It's updating the law to reflect today's business realities, from globalization to more collaborative, iterative innovation
The U.S. Supreme Court altered the intellectual property landscape last week by making it harder to obtain and defend a patent, a decision certain to ripple through the IT industry. Some of the most closely watched and controversial patent cases involve technology companies, including Verizon's recent lawsuit against Vonage, IBM's against Amazon.com, and Research In Motion's $612.5 million settlement with NTP last year. Last week's ruling isn't likely to be the end of the court's interest either, as the justices do their part to update the patent system to govern more iterative, collaborative, and global business innovation.
The case, KSR v. Teleflex, addressed a core principle of patent law: whether an invention (in this case a type of adjustable brake pedal) is obvious and therefore not deserving of protection. In a unanimous decision, the Supreme Court rejected a "narrow, rigid" reading of what factors should be considered in deciding obviousness. Instead, the court said many factors--including market demand for a combination of technologies or whether it's common practice in an industry to look for such combinations--could lead to a conclusion that an invention is obvious.
It's a significant precedent. "It raised the bar a notch or two," says David Kappos, the IBM VP and assistant general counsel who directs the company's intellectual property strategy. "The trivial patent filings, the mild engineering advancements, will no longer be patentable." Some think its impact is more dramatic than that. "There's this concern that all patents are less valuable," says Steven Rubin, an intellectual property attorney with the firm WolfBlock.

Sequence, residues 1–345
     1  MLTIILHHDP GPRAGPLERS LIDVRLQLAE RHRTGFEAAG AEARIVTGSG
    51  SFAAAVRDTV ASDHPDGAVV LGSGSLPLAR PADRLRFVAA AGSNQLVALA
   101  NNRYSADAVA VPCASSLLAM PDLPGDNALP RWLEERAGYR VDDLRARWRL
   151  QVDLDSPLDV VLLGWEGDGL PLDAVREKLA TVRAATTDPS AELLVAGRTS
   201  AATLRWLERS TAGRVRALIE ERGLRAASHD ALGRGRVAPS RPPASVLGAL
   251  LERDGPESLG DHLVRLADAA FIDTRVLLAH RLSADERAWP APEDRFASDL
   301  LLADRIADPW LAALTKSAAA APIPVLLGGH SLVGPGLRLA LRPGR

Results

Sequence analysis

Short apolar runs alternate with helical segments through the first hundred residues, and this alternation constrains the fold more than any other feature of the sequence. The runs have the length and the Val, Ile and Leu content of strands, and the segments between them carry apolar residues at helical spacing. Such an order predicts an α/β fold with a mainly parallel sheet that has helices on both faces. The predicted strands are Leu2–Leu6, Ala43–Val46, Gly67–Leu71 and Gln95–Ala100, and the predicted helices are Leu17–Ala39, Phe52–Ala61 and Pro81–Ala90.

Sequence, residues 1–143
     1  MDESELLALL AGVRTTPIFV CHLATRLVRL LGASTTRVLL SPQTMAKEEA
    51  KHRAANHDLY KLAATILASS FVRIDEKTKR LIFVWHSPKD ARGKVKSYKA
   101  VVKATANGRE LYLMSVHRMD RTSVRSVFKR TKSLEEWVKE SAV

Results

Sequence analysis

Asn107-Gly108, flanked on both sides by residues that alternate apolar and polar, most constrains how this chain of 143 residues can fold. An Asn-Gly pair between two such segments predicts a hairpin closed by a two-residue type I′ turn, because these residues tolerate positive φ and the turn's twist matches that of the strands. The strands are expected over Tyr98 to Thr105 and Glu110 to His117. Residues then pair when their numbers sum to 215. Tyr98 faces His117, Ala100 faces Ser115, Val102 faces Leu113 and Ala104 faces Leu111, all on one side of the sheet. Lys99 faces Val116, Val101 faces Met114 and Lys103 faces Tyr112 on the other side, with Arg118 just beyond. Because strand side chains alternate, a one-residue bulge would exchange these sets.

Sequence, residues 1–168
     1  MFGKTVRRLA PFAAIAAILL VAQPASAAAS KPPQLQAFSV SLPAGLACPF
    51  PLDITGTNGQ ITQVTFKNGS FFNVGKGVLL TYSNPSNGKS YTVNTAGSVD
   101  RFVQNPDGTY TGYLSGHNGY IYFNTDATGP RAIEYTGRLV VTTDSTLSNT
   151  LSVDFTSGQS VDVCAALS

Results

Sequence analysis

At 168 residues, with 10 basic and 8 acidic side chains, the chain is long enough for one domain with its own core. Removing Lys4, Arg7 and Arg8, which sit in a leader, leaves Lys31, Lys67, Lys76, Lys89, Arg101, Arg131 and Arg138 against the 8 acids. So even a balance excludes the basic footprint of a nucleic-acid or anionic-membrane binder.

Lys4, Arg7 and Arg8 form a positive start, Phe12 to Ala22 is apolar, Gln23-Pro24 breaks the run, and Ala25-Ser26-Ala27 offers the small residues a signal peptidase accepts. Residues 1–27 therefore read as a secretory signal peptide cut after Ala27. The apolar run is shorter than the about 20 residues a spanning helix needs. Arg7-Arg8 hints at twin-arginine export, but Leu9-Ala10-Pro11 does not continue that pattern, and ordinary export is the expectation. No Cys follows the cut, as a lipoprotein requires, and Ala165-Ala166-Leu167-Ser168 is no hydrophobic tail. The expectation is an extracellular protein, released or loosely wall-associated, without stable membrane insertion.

Some of the most controversial patents of recent years have been "business method" patents, such as when a company claims to have invented a particular way of doing business online. One example is a long-running case involving eBay and its Buy It Now feature, which a jury decided violated a patent held by a small company, MercExchange. (MercExchange disputes characterizations of its patent as a business method.) Business method patents already are difficult to get, says Marc Brown, a patent lawyer with McDermott Will & Emery, and this ruling will make them even more so. "They're going to be much more prone to attack," he says.
For business technology managers, high-stakes patent disputes can cripple the products they use, or influence what's available. In the RIM case, a tiny patent holding company, NTP, had a very real chance of getting RIM's BlackBerry network shut down over patent infringement, until RIM forked over $612.5 million. In Verizon v. Vonage, Vonage's existence is at risk, as a court ruled it violated Verizon's patent for connecting IP calls to conventional phone numbers.
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